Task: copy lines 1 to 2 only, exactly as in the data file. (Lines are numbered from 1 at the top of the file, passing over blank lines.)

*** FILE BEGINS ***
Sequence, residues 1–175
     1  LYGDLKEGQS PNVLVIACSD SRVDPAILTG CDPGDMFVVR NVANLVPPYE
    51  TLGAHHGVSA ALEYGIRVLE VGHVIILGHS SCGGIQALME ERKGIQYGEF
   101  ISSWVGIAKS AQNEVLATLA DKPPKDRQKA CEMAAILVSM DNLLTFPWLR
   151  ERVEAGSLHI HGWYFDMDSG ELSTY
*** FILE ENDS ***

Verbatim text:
Sequence, residues 1–175
     1  LYGDLKEGQS PNVLVIACSD SRVDPAILTG CDPGDMFVVR NVANLVPPYE